MR interview: Jon Albon


OCR legend turned Trail Running champ

Jonathan (Jon) Albon is not a household name and yet, in running circles, there are very few who haven’t heard of him. This year saw him crowned World Trail Champion to add to his exploits in recent years that have included Skyrunning World Champion, Spartan Race world champion and Obstacle Course Racing world champion.

Living in the Norwegian
town of Bergen, Albon, who is a Dryrobe ambassador, first caught the attention
of the international running community in 2015 when, as an unknown obstacle
course racer, he won Kilian Jornet’s Tromsø Skyrace with a lead of 17 minutes
ahead of Luis Alberto Hernando, then the current Skyrunner ultra world

We caught up with
him to find out what makes him tick.

MR: IF you ran a
flat road marathon, what do you think you could run?

JA: If I properly
trained for it – and considering I ran 2.26 at the notoriously-hilly Bergen Marathon
– I would hope for sub 2.20. But it’s a difficult question to answer if you’ve
never actually done it. The thought of doing more ‘conventional’ races doesn’t
sound that much fun. It would mean I would be specifying my fitness so much
that it wouldn’t be healthy any more either. I would rather be more of an
all-round athlete.

MR: Is fun a key
part of your rationale behind your racing?

JA: I think fun
is the over-riding element. Of course, I like to be competitive and I need to
do races to earn sponsorship. But ultimately if it’s not enjoyable, I won’t be
doing it for a very long time. It needs to be fun for me to continue to do what
I’m doing.

MR: People have
written that you’re the ‘best runner no one has ever heard of’. It’s an
interesting title: what are your thoughts?

JA: It could be
because I moved to Norway or it could be because I choose to do events that are
more obscure. But you need to be competing in the Olympics with TV coverage or
be really good on social media, which is not something I enjoy that much. It’s
helped me, to be honest, to be under the radar as I’ve not had to change my
approach to training.

MR: You won the
World Trail title this year: was that a surprise?

JA: I knew I was
in good shape before the race, but I played my cards very close to my chest.
I’d come fourth the year before, but that was a completely different type of
race. This year’s course suited me a lot more. I wanted to get to the race and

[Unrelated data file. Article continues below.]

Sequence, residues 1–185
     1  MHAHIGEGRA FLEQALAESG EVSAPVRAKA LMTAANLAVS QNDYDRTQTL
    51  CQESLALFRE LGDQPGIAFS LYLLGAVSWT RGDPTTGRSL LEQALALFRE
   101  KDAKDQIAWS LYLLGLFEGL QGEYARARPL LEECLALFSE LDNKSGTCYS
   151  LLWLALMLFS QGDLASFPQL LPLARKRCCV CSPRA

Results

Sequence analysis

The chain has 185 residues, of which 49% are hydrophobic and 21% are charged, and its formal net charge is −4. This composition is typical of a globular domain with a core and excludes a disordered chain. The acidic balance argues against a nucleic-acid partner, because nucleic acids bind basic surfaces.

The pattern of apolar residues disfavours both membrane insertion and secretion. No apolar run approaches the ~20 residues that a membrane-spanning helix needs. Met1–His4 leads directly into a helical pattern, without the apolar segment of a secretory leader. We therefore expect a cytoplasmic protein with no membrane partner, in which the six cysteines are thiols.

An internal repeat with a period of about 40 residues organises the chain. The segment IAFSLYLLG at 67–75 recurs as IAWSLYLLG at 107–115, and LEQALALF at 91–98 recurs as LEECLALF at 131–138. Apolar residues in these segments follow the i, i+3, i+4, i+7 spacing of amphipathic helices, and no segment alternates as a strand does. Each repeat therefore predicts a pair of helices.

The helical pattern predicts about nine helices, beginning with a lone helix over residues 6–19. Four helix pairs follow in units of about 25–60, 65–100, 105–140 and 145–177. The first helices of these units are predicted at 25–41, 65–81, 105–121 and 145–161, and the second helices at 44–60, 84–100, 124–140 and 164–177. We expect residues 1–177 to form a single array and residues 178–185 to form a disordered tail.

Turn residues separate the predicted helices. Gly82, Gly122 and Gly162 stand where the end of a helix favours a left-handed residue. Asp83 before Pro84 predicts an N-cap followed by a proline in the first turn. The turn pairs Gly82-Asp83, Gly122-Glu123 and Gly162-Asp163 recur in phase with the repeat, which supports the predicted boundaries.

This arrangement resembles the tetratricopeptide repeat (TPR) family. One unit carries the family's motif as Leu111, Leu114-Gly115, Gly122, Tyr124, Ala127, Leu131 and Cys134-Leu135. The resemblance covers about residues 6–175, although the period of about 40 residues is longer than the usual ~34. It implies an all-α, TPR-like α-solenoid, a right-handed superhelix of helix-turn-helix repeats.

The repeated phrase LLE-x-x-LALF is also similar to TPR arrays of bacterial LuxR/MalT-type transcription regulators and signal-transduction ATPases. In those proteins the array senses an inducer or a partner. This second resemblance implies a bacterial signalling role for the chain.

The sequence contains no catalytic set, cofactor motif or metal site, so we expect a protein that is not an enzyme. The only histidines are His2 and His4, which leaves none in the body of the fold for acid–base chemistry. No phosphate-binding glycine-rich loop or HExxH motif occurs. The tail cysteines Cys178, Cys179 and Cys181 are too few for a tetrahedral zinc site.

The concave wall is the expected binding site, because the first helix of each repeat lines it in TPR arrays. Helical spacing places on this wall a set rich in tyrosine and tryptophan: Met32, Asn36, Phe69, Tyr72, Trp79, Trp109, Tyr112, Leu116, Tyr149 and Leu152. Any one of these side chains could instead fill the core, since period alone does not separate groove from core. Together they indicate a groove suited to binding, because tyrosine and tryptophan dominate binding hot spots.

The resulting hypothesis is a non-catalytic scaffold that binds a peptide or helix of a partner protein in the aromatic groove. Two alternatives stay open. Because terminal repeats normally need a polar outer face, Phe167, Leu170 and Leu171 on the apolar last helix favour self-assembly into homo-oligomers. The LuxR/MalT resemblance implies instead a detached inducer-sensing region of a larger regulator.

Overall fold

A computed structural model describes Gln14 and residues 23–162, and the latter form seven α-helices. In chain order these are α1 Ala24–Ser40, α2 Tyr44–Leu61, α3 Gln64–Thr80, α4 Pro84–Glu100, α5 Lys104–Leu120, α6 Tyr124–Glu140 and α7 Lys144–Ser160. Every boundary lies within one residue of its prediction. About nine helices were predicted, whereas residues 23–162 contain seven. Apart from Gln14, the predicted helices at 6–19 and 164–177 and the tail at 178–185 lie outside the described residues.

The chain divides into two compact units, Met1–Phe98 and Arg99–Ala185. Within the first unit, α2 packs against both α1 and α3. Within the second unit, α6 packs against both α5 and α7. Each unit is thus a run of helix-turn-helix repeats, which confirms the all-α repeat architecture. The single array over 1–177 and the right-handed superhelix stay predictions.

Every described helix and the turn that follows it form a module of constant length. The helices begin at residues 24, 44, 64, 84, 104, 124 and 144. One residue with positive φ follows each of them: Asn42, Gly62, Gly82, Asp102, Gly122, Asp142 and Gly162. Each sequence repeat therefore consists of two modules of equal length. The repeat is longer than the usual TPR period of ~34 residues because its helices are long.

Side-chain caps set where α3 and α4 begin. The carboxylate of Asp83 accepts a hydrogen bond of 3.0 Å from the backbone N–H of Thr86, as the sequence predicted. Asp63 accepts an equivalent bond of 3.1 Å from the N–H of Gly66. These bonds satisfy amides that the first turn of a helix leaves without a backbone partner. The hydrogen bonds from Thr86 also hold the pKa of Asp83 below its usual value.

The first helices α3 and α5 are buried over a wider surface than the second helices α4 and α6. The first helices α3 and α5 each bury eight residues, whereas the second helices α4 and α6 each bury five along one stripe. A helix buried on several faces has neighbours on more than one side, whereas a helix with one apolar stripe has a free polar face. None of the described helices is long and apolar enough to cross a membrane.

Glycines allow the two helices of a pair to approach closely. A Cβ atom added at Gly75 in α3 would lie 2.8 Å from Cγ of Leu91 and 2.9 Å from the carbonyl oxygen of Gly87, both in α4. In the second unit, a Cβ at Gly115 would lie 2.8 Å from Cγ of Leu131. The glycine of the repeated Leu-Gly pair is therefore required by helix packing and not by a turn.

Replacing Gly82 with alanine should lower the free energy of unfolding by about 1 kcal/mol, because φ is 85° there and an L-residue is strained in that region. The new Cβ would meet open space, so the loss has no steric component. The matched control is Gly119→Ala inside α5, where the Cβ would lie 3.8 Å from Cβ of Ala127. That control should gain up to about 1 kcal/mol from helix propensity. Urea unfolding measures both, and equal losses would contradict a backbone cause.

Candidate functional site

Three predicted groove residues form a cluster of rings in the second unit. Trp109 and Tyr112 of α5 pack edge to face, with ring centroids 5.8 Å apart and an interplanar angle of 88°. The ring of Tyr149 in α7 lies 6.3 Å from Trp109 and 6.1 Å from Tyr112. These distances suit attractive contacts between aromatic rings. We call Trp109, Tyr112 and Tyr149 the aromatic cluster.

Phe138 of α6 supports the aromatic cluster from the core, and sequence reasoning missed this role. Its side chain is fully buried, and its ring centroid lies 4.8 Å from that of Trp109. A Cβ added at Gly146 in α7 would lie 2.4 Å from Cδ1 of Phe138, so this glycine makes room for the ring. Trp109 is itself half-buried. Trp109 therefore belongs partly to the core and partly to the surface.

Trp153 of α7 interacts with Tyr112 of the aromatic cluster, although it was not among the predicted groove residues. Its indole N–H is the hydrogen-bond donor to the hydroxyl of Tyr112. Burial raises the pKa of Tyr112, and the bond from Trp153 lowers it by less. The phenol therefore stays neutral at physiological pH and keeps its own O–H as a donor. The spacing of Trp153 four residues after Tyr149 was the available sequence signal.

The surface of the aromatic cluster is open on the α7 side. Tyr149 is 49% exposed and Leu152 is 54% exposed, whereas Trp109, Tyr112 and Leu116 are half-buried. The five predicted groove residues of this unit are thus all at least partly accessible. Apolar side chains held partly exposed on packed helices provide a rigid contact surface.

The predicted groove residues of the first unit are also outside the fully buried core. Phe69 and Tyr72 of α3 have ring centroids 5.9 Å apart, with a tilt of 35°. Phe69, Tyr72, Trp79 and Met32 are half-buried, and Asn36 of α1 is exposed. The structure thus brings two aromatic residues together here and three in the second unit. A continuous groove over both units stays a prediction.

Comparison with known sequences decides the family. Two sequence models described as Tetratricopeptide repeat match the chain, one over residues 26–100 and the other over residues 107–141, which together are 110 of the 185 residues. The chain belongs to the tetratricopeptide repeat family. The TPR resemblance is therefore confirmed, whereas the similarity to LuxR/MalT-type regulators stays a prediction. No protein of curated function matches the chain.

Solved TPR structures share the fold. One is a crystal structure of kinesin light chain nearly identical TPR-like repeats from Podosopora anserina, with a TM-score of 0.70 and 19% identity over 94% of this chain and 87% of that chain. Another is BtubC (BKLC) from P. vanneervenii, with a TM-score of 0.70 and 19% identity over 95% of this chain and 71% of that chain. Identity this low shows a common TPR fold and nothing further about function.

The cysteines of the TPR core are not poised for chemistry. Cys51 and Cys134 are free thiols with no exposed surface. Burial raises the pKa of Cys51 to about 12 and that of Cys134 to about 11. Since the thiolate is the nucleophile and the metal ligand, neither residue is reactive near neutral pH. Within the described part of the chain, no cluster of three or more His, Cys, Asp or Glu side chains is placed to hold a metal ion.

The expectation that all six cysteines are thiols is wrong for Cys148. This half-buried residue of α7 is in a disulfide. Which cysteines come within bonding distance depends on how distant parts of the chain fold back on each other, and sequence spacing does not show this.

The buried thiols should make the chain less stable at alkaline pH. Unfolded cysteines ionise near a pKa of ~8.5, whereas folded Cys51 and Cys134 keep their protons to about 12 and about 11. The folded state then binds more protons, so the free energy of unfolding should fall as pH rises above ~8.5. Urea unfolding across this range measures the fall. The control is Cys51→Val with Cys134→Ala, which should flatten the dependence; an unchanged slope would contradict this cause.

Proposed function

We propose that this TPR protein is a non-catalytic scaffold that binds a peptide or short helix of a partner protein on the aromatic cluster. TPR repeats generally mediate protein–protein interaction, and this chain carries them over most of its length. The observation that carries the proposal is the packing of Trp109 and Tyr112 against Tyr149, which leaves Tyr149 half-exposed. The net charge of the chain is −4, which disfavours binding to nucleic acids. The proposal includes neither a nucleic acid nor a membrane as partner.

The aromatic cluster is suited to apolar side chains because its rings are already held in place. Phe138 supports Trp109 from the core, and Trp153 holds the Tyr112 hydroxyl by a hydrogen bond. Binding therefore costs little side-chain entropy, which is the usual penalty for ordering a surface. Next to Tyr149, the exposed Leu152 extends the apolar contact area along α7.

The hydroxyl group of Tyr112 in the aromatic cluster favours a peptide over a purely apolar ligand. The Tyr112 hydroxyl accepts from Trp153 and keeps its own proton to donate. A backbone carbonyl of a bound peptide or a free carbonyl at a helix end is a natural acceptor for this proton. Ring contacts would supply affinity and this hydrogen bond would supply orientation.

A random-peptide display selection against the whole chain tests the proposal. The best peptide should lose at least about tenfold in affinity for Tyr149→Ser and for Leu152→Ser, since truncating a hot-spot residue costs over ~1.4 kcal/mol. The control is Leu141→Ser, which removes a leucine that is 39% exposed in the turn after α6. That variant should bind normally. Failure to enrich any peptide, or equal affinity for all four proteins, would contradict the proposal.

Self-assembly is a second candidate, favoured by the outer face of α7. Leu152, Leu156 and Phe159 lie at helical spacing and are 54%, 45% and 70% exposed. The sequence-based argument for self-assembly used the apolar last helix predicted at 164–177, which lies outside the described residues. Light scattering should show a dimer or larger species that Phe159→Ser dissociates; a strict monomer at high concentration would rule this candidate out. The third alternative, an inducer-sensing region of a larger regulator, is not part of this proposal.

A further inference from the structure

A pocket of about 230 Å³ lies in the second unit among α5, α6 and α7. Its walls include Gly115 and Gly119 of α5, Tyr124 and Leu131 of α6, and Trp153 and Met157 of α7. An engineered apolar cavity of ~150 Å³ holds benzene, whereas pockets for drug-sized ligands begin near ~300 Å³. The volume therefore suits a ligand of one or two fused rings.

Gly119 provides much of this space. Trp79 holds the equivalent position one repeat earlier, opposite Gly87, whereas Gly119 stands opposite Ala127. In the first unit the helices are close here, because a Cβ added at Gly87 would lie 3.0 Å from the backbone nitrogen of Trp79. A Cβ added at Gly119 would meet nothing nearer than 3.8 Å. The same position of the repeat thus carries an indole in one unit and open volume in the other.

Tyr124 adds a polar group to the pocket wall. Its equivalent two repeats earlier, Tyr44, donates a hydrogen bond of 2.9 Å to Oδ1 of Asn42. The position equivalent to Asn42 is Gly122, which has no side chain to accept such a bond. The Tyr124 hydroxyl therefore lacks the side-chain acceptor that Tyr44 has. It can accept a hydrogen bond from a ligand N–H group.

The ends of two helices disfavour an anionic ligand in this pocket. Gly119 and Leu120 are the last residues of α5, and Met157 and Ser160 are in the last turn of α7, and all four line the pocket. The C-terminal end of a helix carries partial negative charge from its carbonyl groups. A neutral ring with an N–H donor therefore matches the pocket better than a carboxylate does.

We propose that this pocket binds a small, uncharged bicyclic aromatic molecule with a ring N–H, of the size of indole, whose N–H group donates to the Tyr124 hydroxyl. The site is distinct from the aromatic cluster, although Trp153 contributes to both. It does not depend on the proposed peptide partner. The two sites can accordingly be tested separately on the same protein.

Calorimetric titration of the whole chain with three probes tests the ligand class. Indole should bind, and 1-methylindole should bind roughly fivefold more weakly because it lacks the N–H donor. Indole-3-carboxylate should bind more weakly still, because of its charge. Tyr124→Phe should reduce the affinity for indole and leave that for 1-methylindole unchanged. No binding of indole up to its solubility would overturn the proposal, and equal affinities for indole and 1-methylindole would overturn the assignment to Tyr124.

do everything I could to be ready. I’ve got in to this habit of starting slowly
and picking it up and taking people at the end. It’s a great tactic and you
enjoy the race more but you rarely win big races doing that. So I decided to go
out at the front and run hard and hope to have a magical day – and that is
exactly what happened.

MR: Did you do
anything specifically to prepare:

JA: I’m always
changing my training and finding better things that I could be doing. I did
change quite a few things this year that I’m sure have helped. I cut back on
‘useless’ running quite a bit and mainly did quality sessions. My easy training
in the winter is all skiing anyway and I’ve also done a lot of steep cycling.
This has helped a lot because I felt that I didn’t have this ‘load’ in my body
which made me tired. I also went to recce the course a week early that I’ve
never done before.

MR: Do you seek
advice from other athletes or do you focus on what’s right for you?

JA: I very much
focus on what’s right for me – what is good for me and what isn’t. But
obviously I know a lot of athletes and I talk to a lot of athletes and read
books about training. So I guess it’s a bit of both. This year, I have done all
my easy training at a much lower heart rate – 120 instead of 140 – and I still
feel that I’m getting a good base training.

MR: Talking about
heart rate, do you find that you can keep your heart rate a high level in all
your disciplines?

JA: With sports
like orienteering and skiing, you can keep your heart rate high because you’re
using your whole body. But with cycling, it’s much harder – unless I’m in a
dark tunnel without lights and there are cars passing me!

MR: How much is
running actually part of your training?

JA: In January I
didn’t run at all, it was all just skiing. In February, I started with 5km a
week and just upped it from there. Up until I ran the Transvulcania, I’d only
run a maximum of a 55km week. After that I kept pushing it up so that I could
run 100km weeks, but I don’t really run much more than that. In the winter, I’m
skiing between 12,000-15,000m of climb a week and in the yearsummer I’m running
around 4,000m climb a week and the same again on a bike.

MR: The varied
nature of your training must make you more resilient to injuries?

JA: You could
train hard as a runner with just running and maybe keep that going for a couple
of years. But after that, you seem to get what I’d describe as a ‘swelling’ in
your body and you just feel awful. It’s not until you take three months off
that you realise that other humans don’t feel like that: it’s just you who
feels rubbish all the time. Now I’ve stopped running in the winter I feel like
my career isn’t just going to be for the next five years – I could be running
for the next 25 years!

MR: Is there
anything in the racing calendar you haven’t done that you want to?

JA: There are big
races that would be fun to experience, like Sierre-Zinal or UTMB. I’m not the
sort of person who has big goals and aspirations. My key advice to anyone is
that whatever you do, you have to enjoy it: if you don’t enjoy it, you won’t
want to do it. It should be part of your lifestyle.

Jonathan Albon is a brand ambassador of dryrobe, producers of the
world’s most advanced change robe. To find out more visit

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